Photo Credit: Sportsfile
As the Ireland Women’s squad departs for Spain today ahead of their five-match series against Scotland, captain Laura Delany says she feels a sense of reinvigoration with the influx of younger talent that has come into the senior set-up in the last two years.
Delany, 30, is in her thirteenth year as an international cricketer, and in that time has played 95 T20Is and 54 ODIs, scored over 2,000 runs and taken 87 wickets. In August, Delany became Ireland Women’s most-capped player, with 185 appearances, and shows no sign of stopping anytime soon.
The Leinster Cricket Club and Typhoons all-rounder was speaking ahead of departing for Spain.
“It’s been a long year, but one which has been brilliant as we have played an increasing amount of cricket in against some of the best sides in the world. Going to play against Scotland in Desert Springs will be a tough series, but we’re looking forward to getting over there for three ODIs and following that up with two T20Is. We haven’t played Scotland in an ODI format before, it’s their first-ever appearance in that format, but as a squad we’re ready and looking forward to it.
“The weather over there looks pretty good at the moment. We’ve been to Desert Springs a few times before – most recently back in January for a warm up camp ahead of the World Cup – but we haven’t actually played a series there. We know from centre-wicket sessions what the wicket might play like, plus we’ve watched some of the footage from when Scotland played there recently.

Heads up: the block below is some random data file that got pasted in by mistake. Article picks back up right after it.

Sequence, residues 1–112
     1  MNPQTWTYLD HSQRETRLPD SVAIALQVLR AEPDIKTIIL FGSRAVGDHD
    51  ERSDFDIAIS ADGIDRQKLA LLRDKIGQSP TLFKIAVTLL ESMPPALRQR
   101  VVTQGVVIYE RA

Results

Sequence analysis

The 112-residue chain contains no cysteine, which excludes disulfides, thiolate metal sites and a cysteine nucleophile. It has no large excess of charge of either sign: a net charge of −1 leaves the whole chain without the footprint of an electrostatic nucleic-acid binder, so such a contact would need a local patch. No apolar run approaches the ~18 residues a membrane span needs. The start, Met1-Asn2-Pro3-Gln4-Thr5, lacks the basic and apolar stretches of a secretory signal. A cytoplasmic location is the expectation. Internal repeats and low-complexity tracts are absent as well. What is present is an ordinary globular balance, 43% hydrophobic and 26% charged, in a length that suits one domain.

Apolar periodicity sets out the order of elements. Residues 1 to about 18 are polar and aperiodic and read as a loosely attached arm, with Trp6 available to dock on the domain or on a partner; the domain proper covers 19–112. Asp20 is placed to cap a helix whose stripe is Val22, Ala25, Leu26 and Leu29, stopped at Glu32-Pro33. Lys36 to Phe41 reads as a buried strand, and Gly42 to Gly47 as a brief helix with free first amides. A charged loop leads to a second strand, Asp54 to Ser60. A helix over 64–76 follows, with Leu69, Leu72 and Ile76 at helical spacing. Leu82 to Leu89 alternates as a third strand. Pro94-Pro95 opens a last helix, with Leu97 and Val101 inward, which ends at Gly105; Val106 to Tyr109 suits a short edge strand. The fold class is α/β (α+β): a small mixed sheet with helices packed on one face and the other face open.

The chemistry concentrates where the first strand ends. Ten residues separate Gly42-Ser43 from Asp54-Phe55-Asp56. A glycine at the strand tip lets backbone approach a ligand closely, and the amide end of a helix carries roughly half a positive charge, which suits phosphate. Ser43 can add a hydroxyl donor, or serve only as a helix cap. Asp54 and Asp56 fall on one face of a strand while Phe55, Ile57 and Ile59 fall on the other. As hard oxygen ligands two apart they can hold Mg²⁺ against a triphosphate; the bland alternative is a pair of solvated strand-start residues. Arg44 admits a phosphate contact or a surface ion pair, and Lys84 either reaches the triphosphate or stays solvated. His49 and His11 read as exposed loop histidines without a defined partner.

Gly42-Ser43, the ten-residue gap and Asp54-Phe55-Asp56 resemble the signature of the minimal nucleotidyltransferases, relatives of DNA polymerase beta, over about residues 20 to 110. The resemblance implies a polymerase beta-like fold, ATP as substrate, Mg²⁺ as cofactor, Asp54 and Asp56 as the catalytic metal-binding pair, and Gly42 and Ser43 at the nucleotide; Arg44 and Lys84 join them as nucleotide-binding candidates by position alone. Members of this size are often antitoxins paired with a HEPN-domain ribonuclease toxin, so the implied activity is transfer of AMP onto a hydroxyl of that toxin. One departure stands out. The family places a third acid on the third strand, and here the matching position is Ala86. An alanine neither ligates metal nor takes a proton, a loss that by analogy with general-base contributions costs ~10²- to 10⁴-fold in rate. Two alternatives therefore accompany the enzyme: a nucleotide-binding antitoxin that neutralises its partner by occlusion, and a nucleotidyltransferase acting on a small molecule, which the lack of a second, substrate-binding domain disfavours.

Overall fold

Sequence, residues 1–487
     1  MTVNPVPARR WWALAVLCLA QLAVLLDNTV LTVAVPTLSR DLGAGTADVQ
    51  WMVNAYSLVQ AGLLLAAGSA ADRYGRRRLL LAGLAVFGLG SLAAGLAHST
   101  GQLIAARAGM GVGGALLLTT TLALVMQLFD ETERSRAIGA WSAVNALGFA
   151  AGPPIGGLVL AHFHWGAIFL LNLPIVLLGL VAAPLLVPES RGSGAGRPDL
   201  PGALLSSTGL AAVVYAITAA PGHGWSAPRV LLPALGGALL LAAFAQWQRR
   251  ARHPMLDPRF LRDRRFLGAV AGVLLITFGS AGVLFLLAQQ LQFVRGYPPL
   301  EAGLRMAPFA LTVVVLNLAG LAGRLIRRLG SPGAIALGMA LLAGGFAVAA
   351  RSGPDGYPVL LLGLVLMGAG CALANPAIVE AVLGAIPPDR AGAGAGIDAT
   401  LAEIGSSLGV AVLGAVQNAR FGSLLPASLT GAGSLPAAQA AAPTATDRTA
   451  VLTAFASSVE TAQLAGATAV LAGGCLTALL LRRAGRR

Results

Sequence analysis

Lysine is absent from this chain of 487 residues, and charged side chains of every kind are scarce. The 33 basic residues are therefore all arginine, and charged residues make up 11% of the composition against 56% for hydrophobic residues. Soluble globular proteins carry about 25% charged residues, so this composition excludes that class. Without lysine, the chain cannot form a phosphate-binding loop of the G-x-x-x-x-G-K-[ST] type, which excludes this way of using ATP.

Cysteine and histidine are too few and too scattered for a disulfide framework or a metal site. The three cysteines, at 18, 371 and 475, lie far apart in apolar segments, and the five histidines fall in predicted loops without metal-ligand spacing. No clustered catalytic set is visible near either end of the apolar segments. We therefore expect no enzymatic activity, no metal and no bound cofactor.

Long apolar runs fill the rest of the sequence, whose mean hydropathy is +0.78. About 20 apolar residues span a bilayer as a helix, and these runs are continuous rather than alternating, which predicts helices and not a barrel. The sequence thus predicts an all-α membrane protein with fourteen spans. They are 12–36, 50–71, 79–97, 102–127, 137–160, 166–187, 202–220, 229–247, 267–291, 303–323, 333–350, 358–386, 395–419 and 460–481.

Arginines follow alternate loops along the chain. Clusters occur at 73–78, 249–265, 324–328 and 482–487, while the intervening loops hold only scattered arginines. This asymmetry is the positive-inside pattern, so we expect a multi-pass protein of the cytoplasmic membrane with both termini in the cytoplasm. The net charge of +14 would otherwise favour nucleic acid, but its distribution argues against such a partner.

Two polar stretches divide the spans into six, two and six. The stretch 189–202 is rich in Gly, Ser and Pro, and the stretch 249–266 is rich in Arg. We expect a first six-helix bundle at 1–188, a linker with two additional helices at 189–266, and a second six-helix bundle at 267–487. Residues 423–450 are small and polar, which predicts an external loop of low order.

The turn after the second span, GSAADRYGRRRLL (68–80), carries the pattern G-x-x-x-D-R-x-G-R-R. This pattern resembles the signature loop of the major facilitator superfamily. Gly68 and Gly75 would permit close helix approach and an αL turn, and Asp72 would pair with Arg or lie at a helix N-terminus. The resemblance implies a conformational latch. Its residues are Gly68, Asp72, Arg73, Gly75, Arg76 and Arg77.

“We’re going over there to try and win every game. There’s certain KPIs (Key Performance Indicators) that we’ve set for ourselves as a group – and if we try and execute and work on that, then hopefully the results should take care of themselves. It’s a great opportunity to get over there and play another series as a group. Freya Sargent comes into the attack, and so does Alana Dalzell. Alana played for Ireland last year against South Africa, but hasn’t really featured much this year, so it’ll be a brilliant opportunity for her to wear the green jersey if she gets the opportunity to do so over there.”
With the retirements of Mary Waldron and Shauna Kavanagh, Laura is now the most senior player by some distance:
“Yeah, obviously tricky to have Mary and Shauna retire within a couple of months of each other. I’ve grown up playing alongside Shauna and made my debut on the same day as Mary. I’ve travelled the world and had the opportunities to share some of our most successful wins and victories with both of them. It’s been a long journey with them, and it will definitely be strange taking to the pitch without them. But it’s an opportunity for other players now to take on more responsibility with the bat and ball.
“Obviously I’m pretty much the oldest person on the team now, which is going to take some time to get used to. I suppose surrounding yourself with younger players makes you feel a little bit younger, but it’s a lovely group, and I’m really enjoying playing alongside the players that I’m playing with at the moment.
“Also, I think the more players that are pushing for Ireland spots the better. Big performances in the Super Series throughout the summer means that you’re kept on your toes, and you always know that you need to put in good performances. That’s how the standard of the national team is going to get better. The more competition, the more you have to work harder to get better, and to make sure that you’re always ready to contribute. Competition is great. And when you know there’s someone else coming up behind you, it makes you work harder, particularly at training.